, NAIROBI, Kenya, Nov 19 – “My son died this morning. Last night he came crying, he called me mum, mum, mum, I am in pain, he was vomiting and he had a running stomach, I called the neighbours, we rushed him to the doctor, it was late, we left him admitted, but this morning he was no more,” This is how Mama Mutie sadly recounts the death of her son to cholera.
It is also the agony that many of her neighbours and other residents of Nairobi’s Pumwani area have to go through due to poor sanitation worsened by water shortage.
One does not need to be told water and sanitation are a challenge in this area. It is apparent from the heavy stench and blocked drainage systems passing right in front of Mama Mutie’s house.
She says she has been buying water from water dealers for almost two weeks now.
Unfortunately, the City Council of Nairobi has announced that it is unable to deal with unscrupulous water suppliers who sell dirty water sometimes fetched from contaminated sources.
“Water is not the only problem here! There is no toilet near here, we have to walk for about 45 minutes to get to where the toilets are, if we cant make it, we have to look for other ways,” she asserts.
It takes a lot of valor to jump and walk across open sewers, stinking garbage fields and depilated toilet structures in Pumwani’s three slums; Kanuku, Kinyangu and Kitui where Mama Mutie lives.
After walking for about one hour, only one block of toilets is in sight. The other few are in very dehumanising conditions.
The dirty scenes in the slums only paste one imminent feature of disease outbreaks.
The residents say their pit latrines were demolished leaving them with little choice but to use plastic bags and tins which they throw into the river or a nearby open field.
“Our area chief said they should be brought down because they were polluting the environment. From Kanuku to Kinyangu, there is only one block of toilets,” explained Jane Nduku who complained that long queues could keep one for as long as 30 minutes waiting for a facility.
The Ministry of Environment launched a programme to clean the Nairobi River which for years has remained polluted rendering its waters useless. Following the clean up, all toilets and structures constructed near the river were brought down. Unfortunately, the government cared less for those who had been using them.
Kenya has now to pay the heavy price of failing to provide sanitary services to her people. Cholera and diarrhea are regular unwelcomed guests in most of Nairobi’s slums.
Grace Wairimu lives in Kanuku. She is among the many slum dwellers who have resorted to visiting the nearby Moi Airbase grounds – an open field in the middle of the three slums. True to her words, the stench from the base is choking.
An ugly picture of dirty coloured old plastic bags sway as the wind blows spreading the disgusting odor in all directions, a perfect welcome to vultures, which by the way seem to have befriended people who come there to help themselves. They don’t fly away and the people also seem to care less about their presence.
At midday I watched as women and children used tattered pieces of cloth or big papers to hide themselves from passersby as they relieve themselves. Not even my presence perturbs them. Only on realising that they need to tell the government that they have no toilets and water that they agree to talk.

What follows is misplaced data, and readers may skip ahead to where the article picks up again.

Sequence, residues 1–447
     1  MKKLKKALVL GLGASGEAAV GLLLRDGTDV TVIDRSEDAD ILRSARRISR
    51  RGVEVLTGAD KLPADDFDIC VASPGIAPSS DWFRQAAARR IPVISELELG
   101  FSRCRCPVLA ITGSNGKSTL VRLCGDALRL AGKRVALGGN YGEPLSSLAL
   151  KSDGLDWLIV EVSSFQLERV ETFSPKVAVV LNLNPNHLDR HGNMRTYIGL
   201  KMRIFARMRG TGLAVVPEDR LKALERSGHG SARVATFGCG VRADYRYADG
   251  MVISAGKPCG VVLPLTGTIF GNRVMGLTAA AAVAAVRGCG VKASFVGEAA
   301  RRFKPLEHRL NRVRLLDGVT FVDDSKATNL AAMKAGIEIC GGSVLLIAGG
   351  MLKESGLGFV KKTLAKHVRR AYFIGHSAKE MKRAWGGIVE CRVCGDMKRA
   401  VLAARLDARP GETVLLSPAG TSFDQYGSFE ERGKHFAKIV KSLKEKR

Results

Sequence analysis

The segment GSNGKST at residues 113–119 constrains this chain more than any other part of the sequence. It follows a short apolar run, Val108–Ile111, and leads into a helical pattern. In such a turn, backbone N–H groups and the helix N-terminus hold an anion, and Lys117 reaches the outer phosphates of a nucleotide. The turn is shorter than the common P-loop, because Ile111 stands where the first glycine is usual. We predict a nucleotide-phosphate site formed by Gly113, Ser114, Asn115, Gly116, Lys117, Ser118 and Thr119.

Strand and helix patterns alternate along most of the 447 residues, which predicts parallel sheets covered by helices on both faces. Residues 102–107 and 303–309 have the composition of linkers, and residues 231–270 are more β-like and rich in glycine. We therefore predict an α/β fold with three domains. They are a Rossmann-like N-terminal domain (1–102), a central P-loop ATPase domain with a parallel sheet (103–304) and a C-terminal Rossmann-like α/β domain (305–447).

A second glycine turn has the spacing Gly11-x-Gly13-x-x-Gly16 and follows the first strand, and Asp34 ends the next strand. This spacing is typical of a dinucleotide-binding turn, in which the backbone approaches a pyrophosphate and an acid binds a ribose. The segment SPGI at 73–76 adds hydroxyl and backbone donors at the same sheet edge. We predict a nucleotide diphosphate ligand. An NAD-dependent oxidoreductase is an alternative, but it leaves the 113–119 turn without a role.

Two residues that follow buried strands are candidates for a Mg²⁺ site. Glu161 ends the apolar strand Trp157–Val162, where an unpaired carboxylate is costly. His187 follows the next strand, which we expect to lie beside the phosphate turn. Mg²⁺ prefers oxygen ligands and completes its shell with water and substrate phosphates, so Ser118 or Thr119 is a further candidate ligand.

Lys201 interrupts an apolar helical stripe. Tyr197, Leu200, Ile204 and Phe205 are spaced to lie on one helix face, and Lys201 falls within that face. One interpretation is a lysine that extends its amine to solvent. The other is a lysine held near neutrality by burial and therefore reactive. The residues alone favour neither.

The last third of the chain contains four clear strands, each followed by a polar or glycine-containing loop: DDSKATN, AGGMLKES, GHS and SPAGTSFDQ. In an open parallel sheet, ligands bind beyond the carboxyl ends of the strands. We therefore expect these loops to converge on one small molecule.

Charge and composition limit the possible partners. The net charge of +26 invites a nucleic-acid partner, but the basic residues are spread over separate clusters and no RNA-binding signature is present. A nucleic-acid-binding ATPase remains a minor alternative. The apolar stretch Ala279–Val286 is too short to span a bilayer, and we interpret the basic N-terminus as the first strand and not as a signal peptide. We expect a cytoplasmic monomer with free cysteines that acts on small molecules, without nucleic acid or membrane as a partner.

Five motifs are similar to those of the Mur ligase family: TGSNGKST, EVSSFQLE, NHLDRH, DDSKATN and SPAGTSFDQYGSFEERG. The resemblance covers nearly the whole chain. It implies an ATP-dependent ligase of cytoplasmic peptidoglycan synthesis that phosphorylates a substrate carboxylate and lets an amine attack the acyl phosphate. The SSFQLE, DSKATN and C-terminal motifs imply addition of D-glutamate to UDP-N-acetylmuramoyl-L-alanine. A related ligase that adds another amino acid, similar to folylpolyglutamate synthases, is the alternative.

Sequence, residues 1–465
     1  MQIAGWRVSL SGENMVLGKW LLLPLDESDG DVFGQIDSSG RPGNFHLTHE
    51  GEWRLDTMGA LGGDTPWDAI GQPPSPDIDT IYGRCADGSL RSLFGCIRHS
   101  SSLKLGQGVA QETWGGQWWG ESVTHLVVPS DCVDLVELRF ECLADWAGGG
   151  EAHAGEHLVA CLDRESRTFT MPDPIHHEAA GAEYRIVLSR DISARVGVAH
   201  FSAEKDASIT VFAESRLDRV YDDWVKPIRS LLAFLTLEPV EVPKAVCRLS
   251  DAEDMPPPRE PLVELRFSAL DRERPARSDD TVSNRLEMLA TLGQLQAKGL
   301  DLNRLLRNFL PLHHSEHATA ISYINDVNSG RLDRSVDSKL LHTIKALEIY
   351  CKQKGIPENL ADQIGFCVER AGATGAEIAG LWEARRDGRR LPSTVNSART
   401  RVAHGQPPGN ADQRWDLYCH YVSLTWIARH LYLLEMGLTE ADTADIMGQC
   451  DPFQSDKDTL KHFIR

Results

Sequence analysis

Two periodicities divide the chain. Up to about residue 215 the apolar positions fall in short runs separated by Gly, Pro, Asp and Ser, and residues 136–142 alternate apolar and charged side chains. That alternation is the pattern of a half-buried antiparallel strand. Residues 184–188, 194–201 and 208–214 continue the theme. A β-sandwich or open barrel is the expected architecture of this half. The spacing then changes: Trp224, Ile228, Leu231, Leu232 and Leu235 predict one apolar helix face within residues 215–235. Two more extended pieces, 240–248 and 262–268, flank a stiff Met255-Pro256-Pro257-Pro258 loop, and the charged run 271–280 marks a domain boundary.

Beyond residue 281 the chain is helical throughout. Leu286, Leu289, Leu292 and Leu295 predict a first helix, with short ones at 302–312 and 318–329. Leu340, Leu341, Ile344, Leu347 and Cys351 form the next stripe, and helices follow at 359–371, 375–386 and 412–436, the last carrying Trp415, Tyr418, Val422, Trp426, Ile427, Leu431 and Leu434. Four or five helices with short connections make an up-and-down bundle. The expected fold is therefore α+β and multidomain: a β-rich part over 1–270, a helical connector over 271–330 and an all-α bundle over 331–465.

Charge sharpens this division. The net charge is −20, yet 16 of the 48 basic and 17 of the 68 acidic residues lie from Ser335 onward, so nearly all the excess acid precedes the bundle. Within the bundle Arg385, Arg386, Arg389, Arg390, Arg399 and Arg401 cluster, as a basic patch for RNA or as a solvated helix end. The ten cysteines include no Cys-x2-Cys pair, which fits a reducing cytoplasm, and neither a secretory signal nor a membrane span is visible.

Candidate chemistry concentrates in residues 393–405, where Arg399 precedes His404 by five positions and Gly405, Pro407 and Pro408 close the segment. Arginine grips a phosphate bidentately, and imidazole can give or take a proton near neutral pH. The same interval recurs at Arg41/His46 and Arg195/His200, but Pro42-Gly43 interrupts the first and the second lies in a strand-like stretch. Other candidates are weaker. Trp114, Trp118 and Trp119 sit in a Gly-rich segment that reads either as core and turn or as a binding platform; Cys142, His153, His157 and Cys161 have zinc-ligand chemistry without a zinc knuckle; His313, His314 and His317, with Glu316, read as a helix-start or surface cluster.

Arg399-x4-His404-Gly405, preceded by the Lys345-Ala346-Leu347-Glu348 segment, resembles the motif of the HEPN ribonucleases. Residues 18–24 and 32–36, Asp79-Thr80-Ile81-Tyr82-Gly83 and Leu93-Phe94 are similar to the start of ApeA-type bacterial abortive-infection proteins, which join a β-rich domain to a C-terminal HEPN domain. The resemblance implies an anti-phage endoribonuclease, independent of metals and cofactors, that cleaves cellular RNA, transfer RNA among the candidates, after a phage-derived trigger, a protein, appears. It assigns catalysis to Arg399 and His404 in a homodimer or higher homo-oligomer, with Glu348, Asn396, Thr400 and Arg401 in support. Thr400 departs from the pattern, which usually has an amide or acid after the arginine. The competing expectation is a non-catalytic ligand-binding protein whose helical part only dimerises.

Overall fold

“This government has to do something. We have no toilets. What life is this? Adults and children all in one open field even during the day! This is a shame, we are tired of this, why did the chief bring down our toilets?” they speak, almost in unison.
Francis Kinyua a community worker in Pumwani is well conversant with the area. He says there are only two blocks of toilets each with six units that serve thousands living in the three slums.
Angela Wanjiku lives about 10 meters away from Nairobi River. The toilet she was using with her neighbours was brought down when the clean up began.
“We use black paper bags, we tie them and then throw them away, other times we use tins in our small houses.” The tins are emptied and reused. “As you can see the river is not far from me, which is easier for me, to drain this in this river or to walk all the way to Moi Airbase carrying ‘shit’?”
Cholera and diarrhea have been a common occurrence as a resident explains, “A woman in that house is hospitalised with her son because of this dirt, yesterday a woman in another house died because of diarrhea. Shall we die all of us in this slum?”
It is for this reason that the World Toilet Day is marked every November to celebrate the importance of sanitation and raise awareness.
But even as the international community commemorated the Day on Thursday, Kenya which is among countries reeling in poor sanitation remained subdued.
According to World Toilet Organisation 2.5 billion people (nearly half of the world\’s population) don\’t have access to toilets and proper sanitation, which risks their health, strips their dignity, and kills 1.8 million people, mostly children per year.
One could have expected relevant ministries in Kenya to organise events especially in the affected areas to mark the day, but there was no such a sign even in Pumwani which has reverted to flying toilets.
The Flying toilets habit was only common in the largest slum in East Africa, Kibera. But with interventions, Kibera residents have now access to toilets. Unfortunately the habit is now finding its way back in Pumwani, if urgent measures are not taken, the country may find itself back where it was, the times of the scary flying toilets which took almost 5 years to be dealt with.